Liked by 1 person

    1. It sounds as though you have a fantastic balance which is great 🙂 It’s funny because this evening as I type this, me and my partner are at our own flats after spending much of the weekend together, and I’m craving his company. Sometimes it is just nice to have someone else here even if you are engrossed in your own activities. Thank you so much for stopping by and sharing

      Liked by 1 person

  2. I need time alone but as a teacher with three kids, that’s tricky! I do have the dog who doesn’t answer back so walks with him give me time to think! Unfortunately, I live in a smallish town and going out to eat or to the cinema on your own would be viewed suspiciously! I now get to the point where I become Greta Garbo and announce that I’m going to the bedroom to read. Everyone knows better than to disturb me now!

    Liked by 1 person

    1. I definitely understand that small town mindset! I wouldn’t dream of dining alone back in the Shire! I’m glad you’ve found your own ways of getting some alone time. Thank you for sharing 🙏🏻✨

      Liked by 1 person

  3. Even prepandemic I spent a good amount of time alone, as an introvert it’s just something I need, too much socializing is just tiring and stressful for me. I usually travel alone too although I have a short list of people who are like me and also need thier alone time and they are the only people I will travel with when I don’t go solo.

    Liked by 1 person

    1. That’s so special when you meet like minded travellers who understand the need for each of you having your own space 🙏🏻 well done for having the courage to travel alone too ☺️

      Liked by 1 person

  4. K.L. Hale says:

    After several relationship “fails”, I’m very comfortable and joyful alone. I’m in a relationship. Yet, I live alone in my R.V. I’ve truly learned to love myself. I believe people need people. But this doesn’t always equate to marriage. I’ve traveled many miles alone~and it was then I learned to love myself and lean on faith. I truly believe each individual needs alone time. There are some that don’t and I couldn’t imagine it. Sometimes even me, myself, and I gets crowded. Lol. Thank you for following me. I’m glad I found you new friend! 💚

    Liked by 1 person

    1. I can so relate to this. I think many of us are brought up with a skewed image of relationships. If only we were taught from a young age to learn to love ourselves first, and to discover who we are, or who we want to become, before we dive head first into relationships. I’m glad you’ve got the space you need in your current relationship ☺️

      Liked by 1 person

  5. Alone time is essential for me. I think if you’re content by yourself and enjoy being alone, you’ll be happy for most of your life because you’re not seeking/expecting/relying on fulfillment from anyone else. (Don’t get me wrong — we all crave companionship to some degree!) But if someone special shows up and you can both bring your separate fulfillment together, that can make for a very successful (and rare) relationship. Great post and beautiful sunset!!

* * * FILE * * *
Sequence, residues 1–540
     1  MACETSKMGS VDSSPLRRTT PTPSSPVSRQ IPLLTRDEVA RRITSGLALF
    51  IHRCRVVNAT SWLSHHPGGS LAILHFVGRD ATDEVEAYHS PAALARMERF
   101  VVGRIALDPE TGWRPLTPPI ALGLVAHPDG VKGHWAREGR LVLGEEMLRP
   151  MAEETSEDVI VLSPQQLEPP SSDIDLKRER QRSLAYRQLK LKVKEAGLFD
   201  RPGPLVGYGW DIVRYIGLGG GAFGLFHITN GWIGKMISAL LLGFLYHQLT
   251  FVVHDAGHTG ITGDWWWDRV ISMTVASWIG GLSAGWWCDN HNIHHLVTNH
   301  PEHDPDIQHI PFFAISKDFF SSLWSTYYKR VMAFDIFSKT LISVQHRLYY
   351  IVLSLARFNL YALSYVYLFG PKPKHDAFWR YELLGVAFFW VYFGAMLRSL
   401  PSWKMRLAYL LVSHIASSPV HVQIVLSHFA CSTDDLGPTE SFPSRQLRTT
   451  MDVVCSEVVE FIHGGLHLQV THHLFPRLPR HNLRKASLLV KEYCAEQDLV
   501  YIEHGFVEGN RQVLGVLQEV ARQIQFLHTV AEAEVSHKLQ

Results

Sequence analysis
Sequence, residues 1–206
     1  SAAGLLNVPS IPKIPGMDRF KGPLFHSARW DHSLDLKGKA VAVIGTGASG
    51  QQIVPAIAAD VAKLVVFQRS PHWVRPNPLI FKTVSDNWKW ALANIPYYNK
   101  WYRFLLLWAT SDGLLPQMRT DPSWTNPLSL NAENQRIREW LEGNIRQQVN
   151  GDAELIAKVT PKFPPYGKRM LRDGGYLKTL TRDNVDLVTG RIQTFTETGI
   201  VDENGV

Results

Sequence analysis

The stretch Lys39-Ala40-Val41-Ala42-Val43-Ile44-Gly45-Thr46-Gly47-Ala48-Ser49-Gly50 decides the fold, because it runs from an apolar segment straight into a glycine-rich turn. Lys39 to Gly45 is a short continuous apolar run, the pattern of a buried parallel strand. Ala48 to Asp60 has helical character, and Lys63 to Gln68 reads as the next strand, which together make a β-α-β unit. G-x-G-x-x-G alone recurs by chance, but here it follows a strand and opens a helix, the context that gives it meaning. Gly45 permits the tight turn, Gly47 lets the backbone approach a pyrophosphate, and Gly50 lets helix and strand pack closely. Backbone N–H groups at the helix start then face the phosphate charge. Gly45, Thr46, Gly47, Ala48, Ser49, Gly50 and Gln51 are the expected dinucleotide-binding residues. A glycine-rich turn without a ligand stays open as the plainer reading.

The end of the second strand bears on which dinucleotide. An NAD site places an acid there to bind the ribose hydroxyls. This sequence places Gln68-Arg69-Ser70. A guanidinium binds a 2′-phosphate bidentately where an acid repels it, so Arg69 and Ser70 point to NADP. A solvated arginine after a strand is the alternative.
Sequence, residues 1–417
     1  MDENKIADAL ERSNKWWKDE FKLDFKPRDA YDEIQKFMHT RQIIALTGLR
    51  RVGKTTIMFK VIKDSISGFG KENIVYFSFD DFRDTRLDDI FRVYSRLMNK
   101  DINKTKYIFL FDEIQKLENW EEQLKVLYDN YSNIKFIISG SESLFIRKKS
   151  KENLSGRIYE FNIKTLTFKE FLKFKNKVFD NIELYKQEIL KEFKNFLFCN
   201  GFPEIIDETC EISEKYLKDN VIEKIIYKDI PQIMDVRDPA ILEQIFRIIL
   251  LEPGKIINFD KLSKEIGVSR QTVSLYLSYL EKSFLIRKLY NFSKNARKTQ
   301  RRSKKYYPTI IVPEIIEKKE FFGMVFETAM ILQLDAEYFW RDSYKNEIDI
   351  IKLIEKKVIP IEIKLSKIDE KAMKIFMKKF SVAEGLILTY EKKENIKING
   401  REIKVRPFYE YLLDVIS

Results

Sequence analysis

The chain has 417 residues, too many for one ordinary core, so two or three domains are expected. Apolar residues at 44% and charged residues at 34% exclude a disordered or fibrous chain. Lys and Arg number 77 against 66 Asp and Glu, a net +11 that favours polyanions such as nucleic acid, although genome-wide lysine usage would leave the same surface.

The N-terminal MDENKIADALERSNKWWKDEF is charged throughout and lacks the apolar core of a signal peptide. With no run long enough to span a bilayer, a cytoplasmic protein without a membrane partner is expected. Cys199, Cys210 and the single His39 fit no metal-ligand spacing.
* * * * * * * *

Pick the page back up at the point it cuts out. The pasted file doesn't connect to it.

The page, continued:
Liked by 2 people

    1. I couldn’t agree more. These days I definitely believe more in a partner enhancing your life rather than relying on them to make me happy. It’s a much healthier way of viewing relationships. I do think we have a good balance at the moment, but I do wonder what will happen one day if we decide to live together…I’ve got visions of me running to the hills 😂 thank you so much for stopping by and commenting 🙏🏻✨

      Liked by 2 people

  6. Such a moving and considered piece of writing/reflection! My full respect to you! I crave occasional solitude also! Albeit one day here or 2 days there. It is important in allowing us to process I guess! Thank you for sharing…

    Liked by 1 person

    1. Thank you so much Andi! I imagine it must be near on impossible for you both to have those quiet moments in your wonderfully fun household, but glad to hear you get the occasional day or two 🙏🏻✨

      Liked by 1 person

      1. Aaawh! (I never know how to spell that!) But I thank you for your words 💕moments out are always de-stressing. However returning to the chaos always makes life feel right! Haha…

        Liked by 1 person

  7. I spent most of my life living or working in London. At bad times I have identified with your feelings of envy at people enjoying friendships; at others I have appreciated how anonymous the city can be. Peace in solitude has definitely come to me with age.

    Liked by 2 people

    1. I think that’s often the beauty of London living, you can just disappear amongst the crowds. I’m glad you’ve discovered peace in solitude as you’ve grown older 🙏🏻 it’s hard to get the balance right sometimes. I do fear I might upset my partner sometimes for enjoying my space (sometimes a little too much!), but hopefully he understands that I need that time alone so I can give 110% when we are together. Thank you for sharing your thoughts with me Derrick 🙏🏻✨

      Liked by 2 people